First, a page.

Heal Country a power-ful message

Expression: The artwork, made by indigenous youth from the Latrobe Youth Space was featured at Loy Yang for NAIDOC week . photograph tom gannon


Employees from AGL’s Loy Yang A power station came together last Friday to unveil a collection of artworks by local Aboriginal youths on display at the station for NAIDOC Week.

In line with this year’s NAIDOC Week theme ‘Heal Country!’ the artworks were designed by members of the Latrobe Youth Space to reflect how country is inherent to identity and sustains all aspects of our lives including spiritually, physically, emotionally, socially and culturally.

More than 40 Loy Yang employees attended the event which included a Welcome to Country by Gunaikurnai elder Uncle Lloyd Hood, a smoking ceremony and the raising of the Australian, Torres Strait Islander and Aboriginal flags.

The 11 artworks were displayed on each of the two Loy Yang towers on Thursday and Friday night and received plenty of traffic from passers-by.

For all to see: To mark NAIDOC week, artwork made by Latrobe Youth Space’s Indigenous members was projected on to the cooling towers at the Loy Yang power station last Thursday and Friday, this artwork was made by local artist Montana McStay and features her totem, a little blue Wren. photograph tom gannon

Local artist Montana McStay, who oversaw the creation of the artwork across three sessions said the young people involved had loved seeing their artwork displayed on the towers and around the station.

“They did not think it was going to be that big and that so many people would see it, it gives you an idea of what kids think about and how they interpret it,” she said.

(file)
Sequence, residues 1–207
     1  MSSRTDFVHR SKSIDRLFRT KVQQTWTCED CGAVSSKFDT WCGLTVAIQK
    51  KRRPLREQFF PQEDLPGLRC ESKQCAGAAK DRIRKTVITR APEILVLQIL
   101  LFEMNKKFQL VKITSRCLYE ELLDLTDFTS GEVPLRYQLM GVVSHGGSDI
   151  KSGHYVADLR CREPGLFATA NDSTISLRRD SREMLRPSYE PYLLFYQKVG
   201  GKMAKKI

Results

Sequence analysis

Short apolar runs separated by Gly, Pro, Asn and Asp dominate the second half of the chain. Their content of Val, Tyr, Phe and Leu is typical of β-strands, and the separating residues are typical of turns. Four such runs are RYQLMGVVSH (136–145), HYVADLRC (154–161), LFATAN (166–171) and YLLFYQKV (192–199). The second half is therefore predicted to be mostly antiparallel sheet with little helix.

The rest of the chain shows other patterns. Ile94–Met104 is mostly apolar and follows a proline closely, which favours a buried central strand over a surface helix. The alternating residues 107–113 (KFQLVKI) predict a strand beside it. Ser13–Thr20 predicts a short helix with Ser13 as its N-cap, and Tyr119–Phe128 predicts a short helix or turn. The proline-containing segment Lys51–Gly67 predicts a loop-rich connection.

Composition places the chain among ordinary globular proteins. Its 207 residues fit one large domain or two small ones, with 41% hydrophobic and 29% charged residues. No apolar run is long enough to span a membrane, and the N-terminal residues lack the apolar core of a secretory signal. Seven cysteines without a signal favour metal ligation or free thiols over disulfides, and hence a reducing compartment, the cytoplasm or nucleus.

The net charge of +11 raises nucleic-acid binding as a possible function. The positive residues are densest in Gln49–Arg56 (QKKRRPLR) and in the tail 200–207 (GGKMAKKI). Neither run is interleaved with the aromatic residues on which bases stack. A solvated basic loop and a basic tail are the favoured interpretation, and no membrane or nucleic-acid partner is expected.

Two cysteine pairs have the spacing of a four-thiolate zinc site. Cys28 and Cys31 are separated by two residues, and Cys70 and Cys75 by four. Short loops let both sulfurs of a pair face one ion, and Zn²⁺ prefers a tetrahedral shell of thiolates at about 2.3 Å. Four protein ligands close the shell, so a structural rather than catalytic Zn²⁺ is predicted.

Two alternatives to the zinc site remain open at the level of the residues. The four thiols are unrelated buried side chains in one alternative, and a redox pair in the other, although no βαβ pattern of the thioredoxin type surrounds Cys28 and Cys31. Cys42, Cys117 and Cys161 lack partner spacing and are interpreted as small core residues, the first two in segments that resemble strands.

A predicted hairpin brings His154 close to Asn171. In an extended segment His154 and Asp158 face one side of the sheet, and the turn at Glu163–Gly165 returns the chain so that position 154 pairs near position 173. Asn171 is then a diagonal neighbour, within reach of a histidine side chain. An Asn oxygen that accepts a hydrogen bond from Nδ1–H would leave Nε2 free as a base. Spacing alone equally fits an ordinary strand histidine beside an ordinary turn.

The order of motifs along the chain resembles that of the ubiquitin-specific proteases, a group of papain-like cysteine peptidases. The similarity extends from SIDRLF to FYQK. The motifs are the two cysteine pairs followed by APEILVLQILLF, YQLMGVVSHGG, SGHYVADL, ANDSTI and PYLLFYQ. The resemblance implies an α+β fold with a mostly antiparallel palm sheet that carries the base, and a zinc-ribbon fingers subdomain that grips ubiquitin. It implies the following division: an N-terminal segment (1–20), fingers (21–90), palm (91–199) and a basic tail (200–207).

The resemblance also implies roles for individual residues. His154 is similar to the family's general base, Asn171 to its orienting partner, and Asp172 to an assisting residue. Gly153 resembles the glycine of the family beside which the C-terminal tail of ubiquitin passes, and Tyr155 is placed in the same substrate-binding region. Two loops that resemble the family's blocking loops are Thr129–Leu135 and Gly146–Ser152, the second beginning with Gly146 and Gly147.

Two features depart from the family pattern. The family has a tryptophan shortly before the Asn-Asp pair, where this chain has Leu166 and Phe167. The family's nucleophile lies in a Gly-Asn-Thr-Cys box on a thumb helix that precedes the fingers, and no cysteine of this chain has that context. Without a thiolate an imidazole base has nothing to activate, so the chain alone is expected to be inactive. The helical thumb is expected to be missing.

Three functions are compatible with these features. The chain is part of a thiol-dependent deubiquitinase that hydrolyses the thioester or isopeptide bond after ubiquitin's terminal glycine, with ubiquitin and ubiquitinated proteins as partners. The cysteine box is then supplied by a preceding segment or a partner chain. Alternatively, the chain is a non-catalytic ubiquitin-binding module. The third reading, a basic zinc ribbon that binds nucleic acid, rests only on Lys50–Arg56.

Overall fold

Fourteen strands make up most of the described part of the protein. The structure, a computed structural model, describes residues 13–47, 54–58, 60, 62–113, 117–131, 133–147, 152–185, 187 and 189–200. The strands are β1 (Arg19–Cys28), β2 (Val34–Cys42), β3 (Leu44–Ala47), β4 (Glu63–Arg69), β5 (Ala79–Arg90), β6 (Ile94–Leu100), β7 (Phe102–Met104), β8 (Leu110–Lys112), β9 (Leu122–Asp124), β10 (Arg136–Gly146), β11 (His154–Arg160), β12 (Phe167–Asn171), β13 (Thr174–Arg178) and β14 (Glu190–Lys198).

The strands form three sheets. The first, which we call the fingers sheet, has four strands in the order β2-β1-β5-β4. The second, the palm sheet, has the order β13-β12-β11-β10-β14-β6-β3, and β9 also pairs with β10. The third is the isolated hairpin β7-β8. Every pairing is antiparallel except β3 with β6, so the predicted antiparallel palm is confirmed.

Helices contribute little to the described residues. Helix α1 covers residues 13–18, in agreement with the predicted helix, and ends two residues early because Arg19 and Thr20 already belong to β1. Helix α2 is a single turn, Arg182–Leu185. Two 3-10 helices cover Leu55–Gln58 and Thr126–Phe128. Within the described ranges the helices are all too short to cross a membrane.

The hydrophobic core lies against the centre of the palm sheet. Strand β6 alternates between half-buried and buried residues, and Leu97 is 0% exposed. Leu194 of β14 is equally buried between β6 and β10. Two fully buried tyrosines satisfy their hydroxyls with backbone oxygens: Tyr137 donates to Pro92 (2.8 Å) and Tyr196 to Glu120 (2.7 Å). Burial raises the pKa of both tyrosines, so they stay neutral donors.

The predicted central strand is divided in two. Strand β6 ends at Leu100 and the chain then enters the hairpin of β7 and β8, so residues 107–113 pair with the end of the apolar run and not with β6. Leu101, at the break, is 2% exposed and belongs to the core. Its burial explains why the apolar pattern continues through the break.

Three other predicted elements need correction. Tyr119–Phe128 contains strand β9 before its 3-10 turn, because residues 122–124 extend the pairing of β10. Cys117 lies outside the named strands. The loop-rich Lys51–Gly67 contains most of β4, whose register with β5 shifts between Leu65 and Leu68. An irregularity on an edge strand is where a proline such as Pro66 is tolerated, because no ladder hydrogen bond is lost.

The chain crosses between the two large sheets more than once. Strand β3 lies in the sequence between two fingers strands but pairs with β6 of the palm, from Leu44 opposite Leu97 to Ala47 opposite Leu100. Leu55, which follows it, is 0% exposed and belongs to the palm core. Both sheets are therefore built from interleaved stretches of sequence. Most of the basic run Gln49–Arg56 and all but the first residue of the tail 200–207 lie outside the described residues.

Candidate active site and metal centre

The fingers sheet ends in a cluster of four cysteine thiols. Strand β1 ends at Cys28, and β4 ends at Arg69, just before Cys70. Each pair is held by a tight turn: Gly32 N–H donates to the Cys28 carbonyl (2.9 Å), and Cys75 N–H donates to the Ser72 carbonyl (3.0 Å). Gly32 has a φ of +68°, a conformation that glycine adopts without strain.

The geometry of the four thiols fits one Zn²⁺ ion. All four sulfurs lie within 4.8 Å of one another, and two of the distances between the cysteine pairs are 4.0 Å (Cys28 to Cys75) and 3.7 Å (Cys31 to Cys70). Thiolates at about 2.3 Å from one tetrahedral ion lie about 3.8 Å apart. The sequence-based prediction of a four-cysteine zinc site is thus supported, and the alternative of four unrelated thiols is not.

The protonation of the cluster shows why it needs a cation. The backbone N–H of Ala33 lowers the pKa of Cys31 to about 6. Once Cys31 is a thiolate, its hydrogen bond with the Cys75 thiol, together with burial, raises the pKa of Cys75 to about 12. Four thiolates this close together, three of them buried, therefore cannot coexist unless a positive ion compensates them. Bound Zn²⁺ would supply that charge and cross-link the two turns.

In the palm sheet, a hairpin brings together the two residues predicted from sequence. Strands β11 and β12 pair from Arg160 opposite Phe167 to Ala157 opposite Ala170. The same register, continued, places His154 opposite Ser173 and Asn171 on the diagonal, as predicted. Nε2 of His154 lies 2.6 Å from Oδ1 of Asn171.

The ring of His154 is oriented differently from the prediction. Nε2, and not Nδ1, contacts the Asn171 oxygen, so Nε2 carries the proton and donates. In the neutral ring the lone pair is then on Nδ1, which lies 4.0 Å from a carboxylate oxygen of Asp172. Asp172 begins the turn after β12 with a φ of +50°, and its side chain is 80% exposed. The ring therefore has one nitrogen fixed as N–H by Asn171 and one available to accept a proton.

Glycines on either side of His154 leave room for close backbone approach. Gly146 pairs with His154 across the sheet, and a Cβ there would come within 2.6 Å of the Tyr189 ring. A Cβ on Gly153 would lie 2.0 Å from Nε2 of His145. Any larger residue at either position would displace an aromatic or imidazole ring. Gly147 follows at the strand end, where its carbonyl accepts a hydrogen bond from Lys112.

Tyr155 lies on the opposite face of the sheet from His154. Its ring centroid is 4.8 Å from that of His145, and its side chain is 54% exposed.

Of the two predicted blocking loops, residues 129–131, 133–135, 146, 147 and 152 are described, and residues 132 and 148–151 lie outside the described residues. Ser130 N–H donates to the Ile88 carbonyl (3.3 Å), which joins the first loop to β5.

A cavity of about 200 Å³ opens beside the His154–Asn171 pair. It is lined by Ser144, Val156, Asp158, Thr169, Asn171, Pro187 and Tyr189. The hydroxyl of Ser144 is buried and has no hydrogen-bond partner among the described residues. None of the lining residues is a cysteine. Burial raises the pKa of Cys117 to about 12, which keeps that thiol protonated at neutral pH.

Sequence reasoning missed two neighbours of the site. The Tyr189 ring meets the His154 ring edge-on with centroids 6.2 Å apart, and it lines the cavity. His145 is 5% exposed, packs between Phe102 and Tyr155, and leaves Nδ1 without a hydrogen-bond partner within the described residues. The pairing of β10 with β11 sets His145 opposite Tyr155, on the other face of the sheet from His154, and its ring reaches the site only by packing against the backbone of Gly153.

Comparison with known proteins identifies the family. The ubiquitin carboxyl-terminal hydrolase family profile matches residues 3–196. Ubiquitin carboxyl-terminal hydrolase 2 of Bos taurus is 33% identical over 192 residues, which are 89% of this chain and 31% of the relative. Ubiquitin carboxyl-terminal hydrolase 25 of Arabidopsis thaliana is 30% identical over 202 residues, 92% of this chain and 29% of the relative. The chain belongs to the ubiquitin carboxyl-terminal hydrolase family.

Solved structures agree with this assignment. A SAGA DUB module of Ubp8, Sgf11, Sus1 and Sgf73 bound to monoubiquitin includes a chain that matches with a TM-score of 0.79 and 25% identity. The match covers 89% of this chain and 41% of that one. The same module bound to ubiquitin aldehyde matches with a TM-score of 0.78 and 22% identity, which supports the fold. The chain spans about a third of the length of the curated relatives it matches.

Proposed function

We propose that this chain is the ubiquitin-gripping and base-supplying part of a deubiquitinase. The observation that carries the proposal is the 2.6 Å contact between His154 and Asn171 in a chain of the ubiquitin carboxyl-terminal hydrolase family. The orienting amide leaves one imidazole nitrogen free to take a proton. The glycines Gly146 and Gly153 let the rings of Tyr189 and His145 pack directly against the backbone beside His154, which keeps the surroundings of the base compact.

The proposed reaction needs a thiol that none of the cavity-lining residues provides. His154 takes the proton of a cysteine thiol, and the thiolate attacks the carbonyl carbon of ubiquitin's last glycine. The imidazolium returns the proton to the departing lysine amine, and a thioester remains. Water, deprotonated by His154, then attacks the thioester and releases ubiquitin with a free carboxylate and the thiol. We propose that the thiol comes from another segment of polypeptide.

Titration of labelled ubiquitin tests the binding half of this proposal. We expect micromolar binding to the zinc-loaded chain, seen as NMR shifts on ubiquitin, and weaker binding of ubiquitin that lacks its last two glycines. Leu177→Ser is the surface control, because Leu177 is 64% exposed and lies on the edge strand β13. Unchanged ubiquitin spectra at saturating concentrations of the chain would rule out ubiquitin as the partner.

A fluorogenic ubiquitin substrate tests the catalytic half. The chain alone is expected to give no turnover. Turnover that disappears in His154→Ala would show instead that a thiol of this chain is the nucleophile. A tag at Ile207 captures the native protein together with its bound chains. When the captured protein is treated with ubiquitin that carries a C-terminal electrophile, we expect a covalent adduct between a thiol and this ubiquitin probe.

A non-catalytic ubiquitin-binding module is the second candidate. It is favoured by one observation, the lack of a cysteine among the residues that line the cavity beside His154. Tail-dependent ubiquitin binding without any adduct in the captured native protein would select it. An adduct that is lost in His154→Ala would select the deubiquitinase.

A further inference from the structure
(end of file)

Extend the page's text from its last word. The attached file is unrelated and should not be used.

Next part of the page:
“They’ve loved getting together and getting back in to culture and really sitting down and having a chat because I think that’s what they’ve all missed, especially last year when we didn’t have a lot of cultural stuff because of that.”

Ms McStay said NAIDOC Week and the displaying of the artwork would hopefully open people’s eyes to Indigenous culture and motivate them to become more involved.

Cleansing: Robert Wandin led the smoking ceremony and invited AGL Loy Yang workers to walk through the smoke. photograph tom gannon

“I really hope this encourages everyone to be more a part of the Aboriginal community,” she said.

“Just open your eyes at what you can and can’t get involved in, there are a lot of things you can just step in and be a part of the Aboriginal community.”

AGL Loy Yang general manager Nigel Browne told The Express the event at the station provided an opportunity to strengthen the company’s understanding and awareness of the meaning behind NAIDOC Week.

“For us to have one of the biggest billboards in the region for them to put their artwork up on is really good and creates a good community awareness,” he said.

“We’re committed to increasing our awareness and strengthening our bond with the community and the cultural aspects of Indigenous Australia, so for us on site NAIDOC Week is part of that awareness.”